Rate cuts versus inflation? Like his opposite numbers in central banks around the world, RBI governor Dr. Subbarao knows the fine art of balancing. However, when the central bank meets on Monday (September 17) to review its monetary policy, industry, policymakers and the common man will all be asking one question: will Subbarao continue what Prime Minister Manmohan Singh started?
Until now, the RBI placed the onus of pulling the economy out of its slumber on the government. This week, Dr Singh put the ball back in the RBI’s court.
After facing months of scathing criticism from media and financial institutions, both in India and abroad, on his government’s policy paralysis, Dr Singh braved the might of UPA allies and the Opposition to announce a series of big-bang reforms, beginning with an increase in diesel prices followed by allowing foreign direct investment (FDI) in multi-brand retail and power exchanges as well as relaxing the norms on FDI in aviation and broadcasting...
... And corporate India applauded.
Anand Mahindra, chairman and managing director at Mahindra & Mahindra, said India had gone “from a famine to a feast”.
Venugopal Dhoot, chairman and managing director at Videocon, said: “The sleeping tiger is now out of the cage. So, 2012 will show the way for the country. Opposition will be sensible and recognize that this is good for the country… these things are required for (a) democracy.”
Mohandas Pai, Member of Manipal Global Education Services, said “Yeh dil maange more.”
The parched stock markets, after a long dry spell of dips on panicky withdrawal of funds by foreign institutional investors, soared to close at a 14-month high on Friday, despite August inflation numbers coming in at 7.55 per cent against analyst estimates of 7 per cent.
Hopes of a rate cut from the central bank rose when soon after the price of diesel was increased, Dr C. Rangarajan, chairman of the Prime Minister’s Economic Advisory Council, said the price hike would help the RBI cut rates.
Already, Subbarao’s counterparts in the US Federal Reserve and European Central Bank have raised the bar by announcing easing measures. Early this month, the European Central Bank agreed to a new unlimited bond-purchase programme to lower borrowing costs for the struggling Eurozone. A week later, the US central bank launched a fresh round of bond-buying to stimulate the economy, purchasing $40 billion of mortgage debt each month until the outlook for jobs has improved substantially.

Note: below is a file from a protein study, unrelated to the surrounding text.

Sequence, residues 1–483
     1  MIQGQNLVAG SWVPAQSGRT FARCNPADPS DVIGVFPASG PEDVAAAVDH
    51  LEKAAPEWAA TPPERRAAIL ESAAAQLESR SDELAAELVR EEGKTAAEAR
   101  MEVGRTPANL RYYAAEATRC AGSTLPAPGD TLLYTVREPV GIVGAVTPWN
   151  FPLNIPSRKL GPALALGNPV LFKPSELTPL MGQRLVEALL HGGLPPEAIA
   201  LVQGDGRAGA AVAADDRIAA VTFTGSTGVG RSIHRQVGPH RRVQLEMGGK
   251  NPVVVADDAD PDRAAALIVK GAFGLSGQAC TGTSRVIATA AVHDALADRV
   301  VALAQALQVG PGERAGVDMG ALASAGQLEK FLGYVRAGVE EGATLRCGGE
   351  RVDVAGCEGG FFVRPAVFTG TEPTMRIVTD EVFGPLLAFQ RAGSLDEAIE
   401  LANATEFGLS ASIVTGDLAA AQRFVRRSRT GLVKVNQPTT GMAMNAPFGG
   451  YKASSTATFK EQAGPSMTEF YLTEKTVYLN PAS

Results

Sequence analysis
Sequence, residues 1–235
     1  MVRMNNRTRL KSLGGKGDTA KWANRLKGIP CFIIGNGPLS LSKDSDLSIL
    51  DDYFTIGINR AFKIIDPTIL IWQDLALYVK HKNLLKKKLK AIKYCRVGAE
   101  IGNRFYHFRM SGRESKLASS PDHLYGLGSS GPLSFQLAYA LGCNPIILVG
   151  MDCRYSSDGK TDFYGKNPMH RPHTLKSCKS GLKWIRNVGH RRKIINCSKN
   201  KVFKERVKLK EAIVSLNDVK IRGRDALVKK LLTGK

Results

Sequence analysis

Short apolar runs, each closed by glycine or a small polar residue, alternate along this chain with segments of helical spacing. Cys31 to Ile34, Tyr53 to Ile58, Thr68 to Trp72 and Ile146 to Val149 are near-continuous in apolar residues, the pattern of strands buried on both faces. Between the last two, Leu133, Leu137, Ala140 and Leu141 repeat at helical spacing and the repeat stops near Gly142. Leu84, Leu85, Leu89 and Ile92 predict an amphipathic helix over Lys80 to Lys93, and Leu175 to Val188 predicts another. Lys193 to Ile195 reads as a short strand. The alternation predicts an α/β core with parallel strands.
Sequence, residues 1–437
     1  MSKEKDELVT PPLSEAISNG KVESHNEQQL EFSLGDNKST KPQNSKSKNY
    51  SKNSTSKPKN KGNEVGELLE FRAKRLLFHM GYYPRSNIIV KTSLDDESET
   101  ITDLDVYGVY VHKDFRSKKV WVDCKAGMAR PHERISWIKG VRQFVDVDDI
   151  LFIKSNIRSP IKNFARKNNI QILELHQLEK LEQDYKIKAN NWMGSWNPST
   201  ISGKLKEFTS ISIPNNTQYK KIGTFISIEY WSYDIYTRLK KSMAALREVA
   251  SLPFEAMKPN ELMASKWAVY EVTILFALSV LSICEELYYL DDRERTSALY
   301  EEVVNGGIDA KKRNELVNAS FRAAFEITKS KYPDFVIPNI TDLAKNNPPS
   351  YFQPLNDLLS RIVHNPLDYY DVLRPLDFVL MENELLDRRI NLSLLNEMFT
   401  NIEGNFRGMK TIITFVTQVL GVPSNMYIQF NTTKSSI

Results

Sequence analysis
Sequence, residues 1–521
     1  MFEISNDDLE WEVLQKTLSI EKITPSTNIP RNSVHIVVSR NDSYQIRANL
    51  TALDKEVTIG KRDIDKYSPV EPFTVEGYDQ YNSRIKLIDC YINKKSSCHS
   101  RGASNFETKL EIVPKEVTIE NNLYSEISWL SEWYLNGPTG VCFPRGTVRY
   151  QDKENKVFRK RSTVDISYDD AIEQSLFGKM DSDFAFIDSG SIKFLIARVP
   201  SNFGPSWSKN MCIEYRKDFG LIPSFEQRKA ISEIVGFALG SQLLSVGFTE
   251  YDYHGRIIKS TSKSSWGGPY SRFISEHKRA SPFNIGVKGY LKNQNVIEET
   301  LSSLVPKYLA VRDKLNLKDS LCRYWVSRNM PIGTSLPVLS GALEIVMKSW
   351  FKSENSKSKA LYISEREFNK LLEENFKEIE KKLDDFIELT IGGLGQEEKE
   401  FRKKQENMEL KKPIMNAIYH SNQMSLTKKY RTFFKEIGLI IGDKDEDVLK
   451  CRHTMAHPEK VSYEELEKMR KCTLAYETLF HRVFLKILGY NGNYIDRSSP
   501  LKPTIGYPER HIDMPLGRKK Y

However, for the RBI, shrugging off the inflation numbers will not be that easy.
Earlier, Dr Subbarao had said reining in inflation is the central bank’s priority and had to fall further, dismissing criticism of the bank's hawkish policy stance.
Since cutting its main interest rate in April by a bigger-than-expected 50 basis points to 8 per cent, the RBI has stayed on hold, drawing complaints that high rates are burdening consumers and slowing growth.
Cutting interest rates, however, may only support growth in the short term, while high and persistent inflation will harm the economy longer term, Dr Subbarao said.
Much of the criticism of the bank's policy was coming from a "very articulate" growth lobby in India that includes companies, and said the central bank must also consider other constituents, including the poor, the governor added.
For the common man, inflation means an increase in price of essential goods and commodities. Managing inflation, therefore, is of prime importance in any economy.
“With the price hike, the headline will definitely go up next month (September),” said A. Prasanna, senior vice-president at ICICI Securities, after the numbers for August were announced.
“I would like to see RBI cut the rate, the benefit in cutting the rate will have (a) more positive effect on containing inflation. I'm in favor of reduction of rates, CRR,” said Adi Godrej, chairman of the Godrej Group.
Inflation has averaged a little over 7 per cent this year and although it remains above the RBI's perceived comfort level of 5 per cent, it is lower than the 9.52 per cent average through 2010 and 2011.
In a Reuters snap poll of 18 economists, all but two expect that central bank to leave its policy repo rate unchanged at 8 per cent, in line with a poll conducted earlier this month.
The median estimate for the repo rate at end of 2012 was 7.75 per cent, unchanged from the previous poll.
The RBI has held the policy repo rate steady since cutting it by 50 basis points in April and has said further cuts depend in part on the government's steps to contain the fiscal deficit.
The diesel price increase is too small a step by itself to provide the required comfort to the RBI, economists said.
So, if the last week was the government's, will this week be the RBI's?
With inputs from Reuters